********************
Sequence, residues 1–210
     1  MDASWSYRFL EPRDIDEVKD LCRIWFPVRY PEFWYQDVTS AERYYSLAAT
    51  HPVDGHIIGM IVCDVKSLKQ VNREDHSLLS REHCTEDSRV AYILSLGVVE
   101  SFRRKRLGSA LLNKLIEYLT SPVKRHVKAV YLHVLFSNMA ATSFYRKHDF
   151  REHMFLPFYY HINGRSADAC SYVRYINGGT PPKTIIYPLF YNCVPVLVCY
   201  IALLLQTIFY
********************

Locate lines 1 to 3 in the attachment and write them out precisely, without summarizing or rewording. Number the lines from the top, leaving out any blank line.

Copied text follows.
Sequence, residues 1–210
     1  MDASWSYRFL EPRDIDEVKD LCRIWFPVRY PEFWYQDVTS AERYYSLAAT
    51  HPVDGHIIGM IVCDVKSLKQ VNREDHSLLS REHCTEDSRV AYILSLGVVE